Paul uses an incident with Peter to vividly explain the Gospel of Grace. At some time following the Jerusalem Council, Peter visited the church at Antioch. In the early days of Christianity, there were two centers of faith, Jerusalem and Antioch. Jerusalem was the touchstone for Jewish Christians and Antioch for Gentile Christians. It was the Antioch church that sent Paul on his missionary journeys.
For an unknown reason, Paul chooses to call Peter by his given name of Cephas instead of his Christ given name when recounting the incident. Paul writes, “But when Cephas came to Antioch, I opposed him to his face, because he stood condemned. For prior to the coming of certain men from James, he used to eat with the Gentiles; but when they came, he began to withdraw and hold himself aloof, fearing the party of the circumcision. The rest of the Jews joined him in hypocrisy, with the result that even Barnabas was carried away by their hypocrisy.” (Galatians 2:11–13, NASB95) Oh, how social pressures can cause us to stumble. Not even Peter and Barnabas were immune from them.
Paul goes on the confront Peter and, in the process, introduces the Gospel of Grace. The whole of the event and Paul’s rebuke are found in Galatians 2:11-21. In our next article, we’ll dive into Paul’s explanation of the Gospel contained in his words to Peter (verses 14-21). Today, Let’s look at the confrontation itself.
We’re talking Peter here. The same Peter that left his fishing business to follow Jesus. The Peter who walked on water, was in Jesus’ inner circle, denied Jesus, and was restored by Him. The same Peter who preached the first sermon at Pentecost and the first sermon to Gentile seekers. That Peter. This would be like Billy Graham or some other renowned Man of God showing up at your local church.
For a time, Peter joined the Gentile believers in their ways and their meals without regard to the Law of Moses. Perhaps he even enjoyed some pork or something else forbidden under Jewish Law. But then came some folks who did observe Jewish customs. Peter bowed to the social pressure and again observed Jewish custom. His example caused others, even Barnabas, to follow suit. Before we wag our heads at Peter, we need to recognize our own failings in this.
We all face social pressures to talk and act a certain way. Unwritten (or perhaps written) rules to conform to a set of norms. Breaking or challenging the norms is risky since we may become divorced from that social circle. What we choose in those moments of social conflict reveals much about our character. In some ways, Peter’s choice is an echo of that fateful night when He denied Jesus three times. On the night of Jesus’ trial and at Antioch, Peter chose what seemed to be the safer of the two options. And both were wrong.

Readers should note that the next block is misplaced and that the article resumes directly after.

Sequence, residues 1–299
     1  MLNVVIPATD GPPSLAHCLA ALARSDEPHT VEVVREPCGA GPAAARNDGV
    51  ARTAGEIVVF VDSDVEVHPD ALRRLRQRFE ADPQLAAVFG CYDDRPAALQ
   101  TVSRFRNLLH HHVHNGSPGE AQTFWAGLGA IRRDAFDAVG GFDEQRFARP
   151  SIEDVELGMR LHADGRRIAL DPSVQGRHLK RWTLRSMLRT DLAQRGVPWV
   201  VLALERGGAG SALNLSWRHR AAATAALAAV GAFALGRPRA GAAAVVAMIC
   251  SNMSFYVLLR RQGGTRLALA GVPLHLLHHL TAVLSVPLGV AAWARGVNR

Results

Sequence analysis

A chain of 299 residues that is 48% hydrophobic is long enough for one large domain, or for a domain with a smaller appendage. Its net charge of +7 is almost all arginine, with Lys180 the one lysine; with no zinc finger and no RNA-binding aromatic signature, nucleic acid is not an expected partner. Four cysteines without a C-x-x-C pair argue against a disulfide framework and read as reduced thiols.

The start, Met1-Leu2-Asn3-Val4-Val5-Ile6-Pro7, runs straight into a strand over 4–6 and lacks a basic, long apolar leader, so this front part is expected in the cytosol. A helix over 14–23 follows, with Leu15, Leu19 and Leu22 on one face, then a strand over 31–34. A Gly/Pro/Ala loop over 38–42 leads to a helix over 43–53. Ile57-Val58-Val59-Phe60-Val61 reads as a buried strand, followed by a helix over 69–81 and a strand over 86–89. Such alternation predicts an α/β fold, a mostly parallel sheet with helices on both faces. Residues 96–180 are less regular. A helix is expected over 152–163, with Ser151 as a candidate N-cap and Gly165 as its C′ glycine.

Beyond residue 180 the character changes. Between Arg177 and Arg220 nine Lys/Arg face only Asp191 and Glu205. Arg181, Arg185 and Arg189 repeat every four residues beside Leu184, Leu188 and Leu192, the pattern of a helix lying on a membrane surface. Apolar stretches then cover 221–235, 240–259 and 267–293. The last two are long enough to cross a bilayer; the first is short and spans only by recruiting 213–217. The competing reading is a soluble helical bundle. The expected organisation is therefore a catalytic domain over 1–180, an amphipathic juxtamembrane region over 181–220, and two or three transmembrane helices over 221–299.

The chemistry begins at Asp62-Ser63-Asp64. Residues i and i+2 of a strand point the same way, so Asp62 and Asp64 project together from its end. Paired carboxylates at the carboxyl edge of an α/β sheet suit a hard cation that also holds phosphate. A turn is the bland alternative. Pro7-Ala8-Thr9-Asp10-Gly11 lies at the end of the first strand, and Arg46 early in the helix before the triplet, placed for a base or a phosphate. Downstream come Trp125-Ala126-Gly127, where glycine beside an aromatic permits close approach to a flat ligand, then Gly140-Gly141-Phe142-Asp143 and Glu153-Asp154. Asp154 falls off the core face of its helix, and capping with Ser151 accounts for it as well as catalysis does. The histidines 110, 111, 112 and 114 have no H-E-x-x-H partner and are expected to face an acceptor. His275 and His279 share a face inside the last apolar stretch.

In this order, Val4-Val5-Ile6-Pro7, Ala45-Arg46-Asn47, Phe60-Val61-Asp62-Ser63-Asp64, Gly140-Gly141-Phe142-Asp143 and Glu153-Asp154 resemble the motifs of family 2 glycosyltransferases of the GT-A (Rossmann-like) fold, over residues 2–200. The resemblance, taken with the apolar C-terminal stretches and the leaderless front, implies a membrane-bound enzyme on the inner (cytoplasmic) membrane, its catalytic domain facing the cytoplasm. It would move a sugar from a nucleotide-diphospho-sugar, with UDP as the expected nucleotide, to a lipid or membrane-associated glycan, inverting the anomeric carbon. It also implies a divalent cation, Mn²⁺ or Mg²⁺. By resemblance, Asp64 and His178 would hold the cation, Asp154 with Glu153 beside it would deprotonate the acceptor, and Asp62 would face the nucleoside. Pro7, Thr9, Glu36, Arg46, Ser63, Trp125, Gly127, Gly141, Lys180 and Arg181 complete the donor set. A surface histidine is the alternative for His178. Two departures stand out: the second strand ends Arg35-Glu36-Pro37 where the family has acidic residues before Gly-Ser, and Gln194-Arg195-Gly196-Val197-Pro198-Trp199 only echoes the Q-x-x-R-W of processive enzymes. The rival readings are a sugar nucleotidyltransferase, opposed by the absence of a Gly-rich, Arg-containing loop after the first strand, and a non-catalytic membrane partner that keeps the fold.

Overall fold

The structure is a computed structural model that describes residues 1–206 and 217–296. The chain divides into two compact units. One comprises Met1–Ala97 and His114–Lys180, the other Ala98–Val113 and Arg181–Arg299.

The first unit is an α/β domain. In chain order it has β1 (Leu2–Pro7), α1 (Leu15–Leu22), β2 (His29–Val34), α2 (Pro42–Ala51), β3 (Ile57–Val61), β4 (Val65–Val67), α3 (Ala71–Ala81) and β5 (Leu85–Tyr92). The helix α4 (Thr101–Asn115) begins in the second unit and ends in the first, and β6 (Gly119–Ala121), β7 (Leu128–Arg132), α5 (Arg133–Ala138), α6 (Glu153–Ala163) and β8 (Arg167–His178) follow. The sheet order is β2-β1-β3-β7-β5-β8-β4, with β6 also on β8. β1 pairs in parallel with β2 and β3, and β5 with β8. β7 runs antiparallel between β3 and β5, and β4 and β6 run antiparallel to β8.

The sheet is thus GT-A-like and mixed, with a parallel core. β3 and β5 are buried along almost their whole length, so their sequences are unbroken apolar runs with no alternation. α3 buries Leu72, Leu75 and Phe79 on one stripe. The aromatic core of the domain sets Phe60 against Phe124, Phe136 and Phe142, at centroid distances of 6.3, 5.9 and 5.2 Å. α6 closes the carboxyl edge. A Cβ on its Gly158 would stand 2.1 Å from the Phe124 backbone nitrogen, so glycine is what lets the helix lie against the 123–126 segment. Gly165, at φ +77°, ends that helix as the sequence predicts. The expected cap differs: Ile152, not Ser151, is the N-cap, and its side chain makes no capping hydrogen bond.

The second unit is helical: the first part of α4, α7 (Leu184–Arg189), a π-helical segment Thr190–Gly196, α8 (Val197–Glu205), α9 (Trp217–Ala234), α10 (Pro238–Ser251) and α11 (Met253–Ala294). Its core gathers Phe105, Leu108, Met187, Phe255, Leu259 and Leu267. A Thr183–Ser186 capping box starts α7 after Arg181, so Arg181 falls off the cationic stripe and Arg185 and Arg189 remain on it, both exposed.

I’m all for picking our battles. Sometimes “going along to get along” is a viable path to take. But we also have to know when to stand our ground and say “no.” That was the decision Paul had to make. Does he go along with Peter or stand his ground to a powerhouse in the church world with a public rebuke? But know this, Paul didn’t launch into a direct attack of Peter’s character but essentially preached the Gospel of Grace to him. His rebuke wasn’t, “you’re a bad person, and you need to shape up.”
Paul instead began by saying, “But when I saw that they were not straightforward about the truth of the gospel, I said to Cephas in the presence of all, “If you, being a Jew, live like the Gentiles and not like the Jews, how is it that you compel the Gentiles to live like Jews? “We are Jews by nature and not sinners from among the Gentiles; nevertheless knowing that a man is not justified by the works of the Law but through faith in Christ Jesus, even we have believed in Christ Jesus, so that we may be justified by faith in Christ and not by the works of the Law; since by the works of the Law no flesh will be justified.” (Galatians 2:14–16, NASB95)
I think we need to look closely at both Peter and Paul. Consider where we may be acting like Peter, bowing to social pressures to be, do, and say certain things. And we need to consider how Paul addressed that. So often, we attack the person instead of presenting the truth of the Gospel.
While neither Galatians nor Acts provide us a picture of what happened next, there are a few glimmers that Paul and Peter grew to respect one another’s labors. Late in his life, Peter wrote, “and regard the patience of our Lord as salvation; just as also our beloved brother Paul, according to the wisdom given him, wrote to you, as also in all his letters, speaking in them of these things, in which are some things hard to understand, which the untaught and unstable distort, as they do also the rest of the Scriptures, to their own destruction. You therefore, beloved, knowing this beforehand, be on your guard so that you are not carried away by the error of unprincipled men and fall from your own steadfastness,” (2 Peter 3:15–17, NASB95) I don’t know about you, but I hear echoes of the incident at Antioch in those words.